Would Melo be willing to gamble on Rose?

Would Carmelo Anthony be willing to pin the rest of his prime to the uncertain health of Derrick Rose? David Dow NBAE/Getty Images

CHICAGO -- Carmelo Anthony says he wants to win a championship. The Bulls desperately want to add a second superstar to pair alongside Derrick Rose. They're also willing to clear out enough cap space to acquire Anthony, or another superstar of his ilk, in the summer. It sounds a like a match made in heaven -- right?

Well, not really.

The odds of landing Anthony have always been small given how much he seems to want to stay in New York. But even if he left the Knicks, would the Bulls be the next best option for him? It's a question Grantland's Bill Simmons tackled while discussing Carlos Boozer's contract in a recent column on the worst deals in the NBA:

    The single dumbest basketball conversation you can have right now …

    Bulls Fan (excited): "We're gonna be fine this summer — we're amnestying Boozer and trading Taj so we have enough cap space to sign Melo."

    Non-Bulls Fan: "Why would Melo go from one shaky situation to another one?"

    Bulls Fan: "What? To play with Rose and Noah! And Thibs!"

    Non-Bulls Fan: "You really think Thibs is re-signing there? They fired his lead assistant last summer, then they traded Deng for nothing. Literally, they got nothing."

    Bulls Fan: "Yeah, but it's gonna be fine — we're getting Melo!"

    Non-Bulls Fan: "Melo wants to win a title — why would he roll the dice with Rose's knees? Rose is coming off two major knee injuries. By next October, he wouldn't have been 100 percent in two and a half years. There's a long history of guys missing that much time with repeated injuries and never being totally the same.

    Bulls Fan: (Silent.)

    Non-Bulls Fan: "Look, I'm not saying Rose can't make it back. But why would Melo risk it? Wouldn't he want a more stable situation? Especially after what he just went through in New York? He's going to tie the rest of his prime to Derrick Rose's knees?"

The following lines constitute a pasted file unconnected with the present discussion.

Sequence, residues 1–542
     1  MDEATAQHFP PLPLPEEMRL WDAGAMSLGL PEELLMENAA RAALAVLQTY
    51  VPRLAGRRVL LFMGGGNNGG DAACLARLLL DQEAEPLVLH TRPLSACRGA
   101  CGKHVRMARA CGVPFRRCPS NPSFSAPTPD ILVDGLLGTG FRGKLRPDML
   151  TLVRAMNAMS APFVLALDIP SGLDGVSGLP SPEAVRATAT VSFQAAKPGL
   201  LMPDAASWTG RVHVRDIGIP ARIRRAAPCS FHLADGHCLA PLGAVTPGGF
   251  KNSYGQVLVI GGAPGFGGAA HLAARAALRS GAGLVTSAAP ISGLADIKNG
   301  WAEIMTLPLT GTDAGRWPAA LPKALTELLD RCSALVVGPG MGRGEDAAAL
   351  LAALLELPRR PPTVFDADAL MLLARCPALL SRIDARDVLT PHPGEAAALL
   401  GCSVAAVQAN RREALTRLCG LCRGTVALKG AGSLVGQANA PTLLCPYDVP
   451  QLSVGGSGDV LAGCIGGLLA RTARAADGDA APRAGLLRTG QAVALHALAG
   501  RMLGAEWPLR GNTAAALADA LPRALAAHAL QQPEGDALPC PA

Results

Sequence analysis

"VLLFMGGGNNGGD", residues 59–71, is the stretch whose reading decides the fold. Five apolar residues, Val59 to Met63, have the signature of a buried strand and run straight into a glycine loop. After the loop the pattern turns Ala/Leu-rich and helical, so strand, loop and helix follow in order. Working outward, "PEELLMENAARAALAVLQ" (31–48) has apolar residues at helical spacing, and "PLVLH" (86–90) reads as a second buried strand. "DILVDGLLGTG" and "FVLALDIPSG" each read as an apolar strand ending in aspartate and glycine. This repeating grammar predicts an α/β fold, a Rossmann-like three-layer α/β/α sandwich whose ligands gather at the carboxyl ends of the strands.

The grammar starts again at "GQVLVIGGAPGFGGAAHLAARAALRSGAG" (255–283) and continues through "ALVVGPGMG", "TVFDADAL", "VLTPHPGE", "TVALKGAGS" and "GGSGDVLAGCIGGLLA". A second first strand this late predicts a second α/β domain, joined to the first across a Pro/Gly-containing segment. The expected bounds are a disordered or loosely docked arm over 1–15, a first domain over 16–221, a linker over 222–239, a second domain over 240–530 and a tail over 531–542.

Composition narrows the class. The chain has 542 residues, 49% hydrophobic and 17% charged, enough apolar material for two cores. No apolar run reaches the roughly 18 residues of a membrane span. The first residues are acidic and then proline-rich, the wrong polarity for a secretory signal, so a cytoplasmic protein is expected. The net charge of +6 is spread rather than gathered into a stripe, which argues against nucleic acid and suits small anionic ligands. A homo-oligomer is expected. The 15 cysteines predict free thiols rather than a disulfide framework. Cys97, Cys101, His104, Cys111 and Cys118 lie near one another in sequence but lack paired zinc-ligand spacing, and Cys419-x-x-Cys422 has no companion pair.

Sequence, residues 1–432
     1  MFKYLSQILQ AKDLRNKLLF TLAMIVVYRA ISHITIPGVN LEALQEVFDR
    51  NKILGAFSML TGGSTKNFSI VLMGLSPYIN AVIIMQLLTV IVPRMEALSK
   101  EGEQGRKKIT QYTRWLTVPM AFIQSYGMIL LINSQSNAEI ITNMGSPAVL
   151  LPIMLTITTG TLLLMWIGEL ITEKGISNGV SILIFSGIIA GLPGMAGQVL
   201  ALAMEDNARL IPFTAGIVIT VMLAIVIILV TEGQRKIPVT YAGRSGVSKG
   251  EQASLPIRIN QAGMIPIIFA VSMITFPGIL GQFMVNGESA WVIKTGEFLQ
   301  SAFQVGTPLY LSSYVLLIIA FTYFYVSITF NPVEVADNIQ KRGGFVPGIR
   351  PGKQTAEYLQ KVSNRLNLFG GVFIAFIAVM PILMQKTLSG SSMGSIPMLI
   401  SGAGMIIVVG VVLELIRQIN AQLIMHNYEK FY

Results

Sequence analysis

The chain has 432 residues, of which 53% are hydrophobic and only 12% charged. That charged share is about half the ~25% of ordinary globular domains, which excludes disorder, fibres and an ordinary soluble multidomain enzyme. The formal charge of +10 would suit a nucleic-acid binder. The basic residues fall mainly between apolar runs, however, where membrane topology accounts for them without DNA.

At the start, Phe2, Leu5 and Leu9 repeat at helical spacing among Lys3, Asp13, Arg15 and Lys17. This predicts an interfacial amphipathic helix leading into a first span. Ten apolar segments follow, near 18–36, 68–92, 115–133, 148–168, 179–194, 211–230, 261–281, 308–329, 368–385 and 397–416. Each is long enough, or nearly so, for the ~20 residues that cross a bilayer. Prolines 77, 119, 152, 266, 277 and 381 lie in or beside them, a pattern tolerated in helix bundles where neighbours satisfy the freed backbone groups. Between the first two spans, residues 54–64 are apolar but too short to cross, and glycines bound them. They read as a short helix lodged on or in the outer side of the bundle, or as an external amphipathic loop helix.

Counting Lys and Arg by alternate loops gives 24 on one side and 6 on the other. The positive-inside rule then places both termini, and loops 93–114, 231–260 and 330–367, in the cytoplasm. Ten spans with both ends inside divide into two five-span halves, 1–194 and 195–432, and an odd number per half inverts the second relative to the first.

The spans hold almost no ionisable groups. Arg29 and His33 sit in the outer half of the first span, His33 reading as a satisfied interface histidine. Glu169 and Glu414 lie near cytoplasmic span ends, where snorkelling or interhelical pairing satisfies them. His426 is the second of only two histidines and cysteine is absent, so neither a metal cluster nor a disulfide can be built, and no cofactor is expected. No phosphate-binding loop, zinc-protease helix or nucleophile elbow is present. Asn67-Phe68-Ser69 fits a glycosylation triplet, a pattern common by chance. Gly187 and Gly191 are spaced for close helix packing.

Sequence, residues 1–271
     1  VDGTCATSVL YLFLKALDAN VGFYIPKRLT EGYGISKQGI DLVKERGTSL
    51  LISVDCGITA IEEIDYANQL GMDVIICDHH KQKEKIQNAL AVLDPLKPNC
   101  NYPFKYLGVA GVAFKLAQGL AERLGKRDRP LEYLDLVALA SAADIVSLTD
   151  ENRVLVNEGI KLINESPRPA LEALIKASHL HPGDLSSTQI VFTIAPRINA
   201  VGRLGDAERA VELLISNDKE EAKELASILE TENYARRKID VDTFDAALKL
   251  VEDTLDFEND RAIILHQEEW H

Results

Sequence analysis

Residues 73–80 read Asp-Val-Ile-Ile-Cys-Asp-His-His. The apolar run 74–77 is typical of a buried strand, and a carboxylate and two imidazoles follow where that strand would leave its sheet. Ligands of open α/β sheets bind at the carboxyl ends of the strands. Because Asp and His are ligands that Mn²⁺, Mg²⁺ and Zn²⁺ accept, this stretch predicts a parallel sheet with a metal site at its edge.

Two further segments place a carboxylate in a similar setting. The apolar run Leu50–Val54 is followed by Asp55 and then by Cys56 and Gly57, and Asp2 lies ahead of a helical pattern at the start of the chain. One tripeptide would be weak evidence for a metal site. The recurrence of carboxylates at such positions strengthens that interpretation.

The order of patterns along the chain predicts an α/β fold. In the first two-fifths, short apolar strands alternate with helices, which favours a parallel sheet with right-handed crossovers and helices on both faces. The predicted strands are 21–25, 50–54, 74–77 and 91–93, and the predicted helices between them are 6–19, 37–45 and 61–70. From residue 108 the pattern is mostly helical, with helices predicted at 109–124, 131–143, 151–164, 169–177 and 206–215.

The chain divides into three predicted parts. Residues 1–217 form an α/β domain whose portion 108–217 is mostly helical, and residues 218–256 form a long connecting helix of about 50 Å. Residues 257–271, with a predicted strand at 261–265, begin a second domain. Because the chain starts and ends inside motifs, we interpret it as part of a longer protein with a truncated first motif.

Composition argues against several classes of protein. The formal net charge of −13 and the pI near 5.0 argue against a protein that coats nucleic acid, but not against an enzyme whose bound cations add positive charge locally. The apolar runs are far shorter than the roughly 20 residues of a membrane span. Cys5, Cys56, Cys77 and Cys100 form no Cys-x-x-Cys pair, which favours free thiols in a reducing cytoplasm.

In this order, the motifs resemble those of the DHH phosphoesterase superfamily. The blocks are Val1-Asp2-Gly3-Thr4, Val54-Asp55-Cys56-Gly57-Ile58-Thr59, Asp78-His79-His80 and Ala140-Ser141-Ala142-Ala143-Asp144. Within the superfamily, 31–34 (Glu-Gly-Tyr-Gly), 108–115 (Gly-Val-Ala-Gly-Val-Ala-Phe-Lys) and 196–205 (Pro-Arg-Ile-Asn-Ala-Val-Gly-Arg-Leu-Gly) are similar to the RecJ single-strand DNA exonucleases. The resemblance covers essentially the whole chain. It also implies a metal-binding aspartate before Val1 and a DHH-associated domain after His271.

Bulls Fan (finally): "Yeah but still."

Simmons shines a light on a line of thinking Bulls fans have considered, but haven't fully come to grips with. From here on out, Rose's health hovers over every single thing the Bulls do. No matter how much salary-cap space the organization has, no matter how many young pieces the Bulls feel confident building around, no matter how many assets the front office piles up -- the single biggest recruiting job Gar Forman and John Paxson must do is to assure any prospective free agent on the health of Rose.

It's the toughest job the pair will have, especially this summer, given that there is no tangible evidence that Rose will be able to stay healthy for an entire season. Worse yet for the Bulls, there's no evidence that Rose will come back to being the player he was before he tore the ACL in his left knee in April 2012. Why would Anthony, or any star, decide to come to Chicago with so much uncertainty?

It will be up to Forman and Paxson to talk any free agents through the worries they may have around Rose. The Bulls remain hopeful that Rose will come back off his latest surgery, and have been pleased with his recovery to this point, but no matter how many different doctors' reports they see over the next few months, they won't have an answer until the former MVP starts playing in games again.

That's the most jarring part of any potential addition the Bulls might make this summer. Rose has gone from a player almost anyone in the NBA would love to play with, to a potential liability that the Bulls must work around as they build for the future.

Anthony and several other players will have a decision to make this summer as to whether they want to play in Chicago. But Anthony has to wonder if a core of Noah, Thibodeau and Rose would be enough to make the jump as the prime years of a superstar career are in fadeaway. Most of all, Anthony must decide if he can count on Rose being healthy during his potential tenure.